I decided to write up this post because many students have had asked how they can start learning and visualizing LiDAR data. LiDAR data is becoming more and more available to the public and many want to learn about it.
According to their website, CloudCompare is “free to use them for any purpose, including commercially or for education”. This is good because if you are just trying to learn and wanted to make some maps, this is a good starting point without paying for it.
CloudCompare will read and write the following file formats, personally I have had to dealt with *.las format in the past. *.laz is the “zipped” version of *.las.
I wanted to go over few of the most common functions that I use
Let’s first talk about the interface, you can click to the “Properties” tab to look at the properties of the las file. Then, you can change the colorization according to the attribute that come with the file, here I change the colorization to “classification” and so 1) Tree points are yellow 2) Ground points are green and 3) small buildings are orange.
Note that there is a bounding box around the size of the file and the box is bigger than it should. This is because there are a lot of “noise” points in the air, there are not a lot of them so you cannot see them very well but looking at the bounding box, it is bigger than it should indicating that there are probably noise above the trees.
You can clean them by
•Tools -> SOR Filter •https://www.cloudcompare.org/doc/wiki/index.php?title=SOR_filter •
Tools -> Noise Filter •https://www.cloudcompare.org/doc/wiki/index.php?title=Noise_filter
According to https://www.cloudcompare.org/doc/wiki/index.php?title=Cloud-to-Cloud_Distance, the tool compute the distance comparison between two sets of point clouds
Using their example, two sets of points are being compared and the blue area has very little distance differences (two point clouds are almost the same there) and red areas have large differences (two point clouds are most different there). This tool is useful in change detection as well, imagine you acquire one set of LiDAR points from summer and one set in winter times on top of forested area, you will be able to detect all the missing tree crowns due to leaves fallen on the ground.
CloudCompare also lets you do the following comparisons which I often use:
•Robust cloud-to-cloud (M3C2) – Using ‘clean’ normals is very important in M3C2
3. Rigid Transformation Matrices
This is a useful tool if you want to simply apply a transformation matrix to a set of point cloud.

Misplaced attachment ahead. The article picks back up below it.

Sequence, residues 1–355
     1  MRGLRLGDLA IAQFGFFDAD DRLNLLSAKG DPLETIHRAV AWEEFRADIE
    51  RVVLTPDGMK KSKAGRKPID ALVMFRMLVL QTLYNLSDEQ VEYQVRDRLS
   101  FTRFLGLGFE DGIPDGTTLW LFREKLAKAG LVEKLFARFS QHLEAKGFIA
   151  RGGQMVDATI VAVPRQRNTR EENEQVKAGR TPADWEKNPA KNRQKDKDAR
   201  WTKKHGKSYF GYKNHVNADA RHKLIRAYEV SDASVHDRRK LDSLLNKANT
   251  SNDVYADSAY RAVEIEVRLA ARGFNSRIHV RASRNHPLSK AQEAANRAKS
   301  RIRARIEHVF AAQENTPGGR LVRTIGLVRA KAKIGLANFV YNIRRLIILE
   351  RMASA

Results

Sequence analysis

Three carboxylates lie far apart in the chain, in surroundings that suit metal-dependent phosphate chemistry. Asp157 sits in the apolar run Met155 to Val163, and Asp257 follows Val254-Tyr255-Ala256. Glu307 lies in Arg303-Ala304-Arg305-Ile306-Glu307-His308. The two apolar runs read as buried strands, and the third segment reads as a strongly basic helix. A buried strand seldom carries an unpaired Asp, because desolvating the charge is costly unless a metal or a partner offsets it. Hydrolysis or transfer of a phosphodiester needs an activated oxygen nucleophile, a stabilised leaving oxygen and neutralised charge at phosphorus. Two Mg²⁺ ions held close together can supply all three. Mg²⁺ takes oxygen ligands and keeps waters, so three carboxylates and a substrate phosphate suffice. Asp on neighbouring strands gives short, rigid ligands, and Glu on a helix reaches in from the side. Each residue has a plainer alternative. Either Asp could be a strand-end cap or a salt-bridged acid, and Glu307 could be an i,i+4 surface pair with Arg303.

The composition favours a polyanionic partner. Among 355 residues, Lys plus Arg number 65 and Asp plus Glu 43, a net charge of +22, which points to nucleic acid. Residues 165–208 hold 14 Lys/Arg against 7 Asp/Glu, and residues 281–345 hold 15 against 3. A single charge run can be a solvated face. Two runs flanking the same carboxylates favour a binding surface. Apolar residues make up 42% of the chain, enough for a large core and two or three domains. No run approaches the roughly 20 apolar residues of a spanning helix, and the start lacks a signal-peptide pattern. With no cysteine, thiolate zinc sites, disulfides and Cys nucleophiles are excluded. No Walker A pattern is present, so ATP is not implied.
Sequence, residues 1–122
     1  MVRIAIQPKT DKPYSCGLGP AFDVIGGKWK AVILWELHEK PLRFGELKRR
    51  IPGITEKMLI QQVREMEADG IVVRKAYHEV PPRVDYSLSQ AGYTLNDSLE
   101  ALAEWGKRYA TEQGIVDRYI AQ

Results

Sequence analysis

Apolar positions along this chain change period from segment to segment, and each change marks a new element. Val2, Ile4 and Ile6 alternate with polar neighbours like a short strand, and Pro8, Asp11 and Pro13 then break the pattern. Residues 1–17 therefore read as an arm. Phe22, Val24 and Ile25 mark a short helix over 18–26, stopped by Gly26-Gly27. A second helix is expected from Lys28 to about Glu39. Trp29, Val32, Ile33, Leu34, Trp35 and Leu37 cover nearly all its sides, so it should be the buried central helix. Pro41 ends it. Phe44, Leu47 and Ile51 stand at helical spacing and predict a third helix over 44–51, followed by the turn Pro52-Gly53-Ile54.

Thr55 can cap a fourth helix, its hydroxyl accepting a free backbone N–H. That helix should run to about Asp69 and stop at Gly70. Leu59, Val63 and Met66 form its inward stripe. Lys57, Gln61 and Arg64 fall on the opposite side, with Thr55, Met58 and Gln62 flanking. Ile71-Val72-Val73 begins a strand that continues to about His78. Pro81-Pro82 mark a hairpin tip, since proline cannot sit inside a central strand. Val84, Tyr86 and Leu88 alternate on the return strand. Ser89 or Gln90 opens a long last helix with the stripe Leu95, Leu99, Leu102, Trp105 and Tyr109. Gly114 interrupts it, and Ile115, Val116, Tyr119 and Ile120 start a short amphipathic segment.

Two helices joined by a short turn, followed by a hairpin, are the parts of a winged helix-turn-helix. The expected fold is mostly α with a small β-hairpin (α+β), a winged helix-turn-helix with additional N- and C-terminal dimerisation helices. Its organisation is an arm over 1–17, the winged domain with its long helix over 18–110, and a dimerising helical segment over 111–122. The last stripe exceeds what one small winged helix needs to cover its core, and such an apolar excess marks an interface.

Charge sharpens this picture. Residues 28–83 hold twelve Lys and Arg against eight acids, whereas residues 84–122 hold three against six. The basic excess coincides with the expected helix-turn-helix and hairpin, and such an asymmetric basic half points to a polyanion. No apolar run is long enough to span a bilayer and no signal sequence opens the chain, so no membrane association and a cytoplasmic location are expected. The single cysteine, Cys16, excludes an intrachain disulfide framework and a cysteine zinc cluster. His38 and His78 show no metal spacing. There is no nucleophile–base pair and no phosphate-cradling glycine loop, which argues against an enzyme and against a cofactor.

‘Edit -> Apply Transformation’ tool
You can even apply the inverse transformation by checking the corresponding checkbox (e.g. to go back to the previous position of the entity)
In this example, I am applying a translation of 100 in x-direction.
Alignment is used when I want to align a set of point cloud with respect to another one, or some known points (reference points – think ground control points GCPs for referencing an image). https://www.cloudcompare.org/doc/wiki/index.php?title=Align
This can be done three ways:
•Match bounding-box centers – simply select two (or more) entities, then call ‘Tools > Register > Match bounding-box centers’
•Manual transformation •’Edit > Rotate/Translate’ menu
•Picking point pairs – Tools > Registration > Align (point pairs picking). This is the most useful one, you have to decide which one is reference and which one is the one you want to align. Then, pick the point pairs (at least 3 pairs). Click “Align” button and you will also get RMS results for evaluation.
In this example provided from CloudCompare:
“As soon as you have selected at least 3 or more pairs (you must have picked exactly the same number of points in each cloud) CC will display the resulting RMS and you can preview the result with the ‘align’ button. You’ll also see the error contribution for each pair next to each point in the table (so as to remove and pick again the worst pairs for instance). You can add new points to both sets anytime (even after pressing the ‘align’ button) in order to add more constraints and get a more reliable result. And as suggested before, you can also remove points with the dedicated icons above each tables or with the ‘X’ icon next to each point.”
Also, if you have a reference point in 3D that you already know (e.g. by ground survey, or corners of the building) you may use them as reference and enter those points manually for alignment.
5. Automatic Registration
This two register two sets of point clouds automatically, using ICP (Iterative Closest Point)
- Tool > Fine Registration (ICP)
- There are three common parameters you may want to adjust
- Number of iterations/RMS difference – ICP is an iterative process-Stop this process either after a maximum number of iterations or as soon as the error (RMS) lower than a given threshold
- Final overlap – user specify the actual portion of the data/registered cloud that would actually overlap the model/reference cloud if both clouds were registered.
- Adjust Scale – determine a potential difference in scaling. If your clouds have different scales (e.g. photogrammetry clouds) you can check this option so as to resolve the scaling as well
The rest is pretty straight forward.
In this example provided by CloudCompare, the final transformation matrix can be calculated with RMS produced automatically. Theorical overlap is 50% which means the two sets of point cloud overlap by 50%. I found this is an important parameter to set in obtaining a “good” RMS.
These are my five top picks for CloudCompare, stay tuned for self-learn part 2.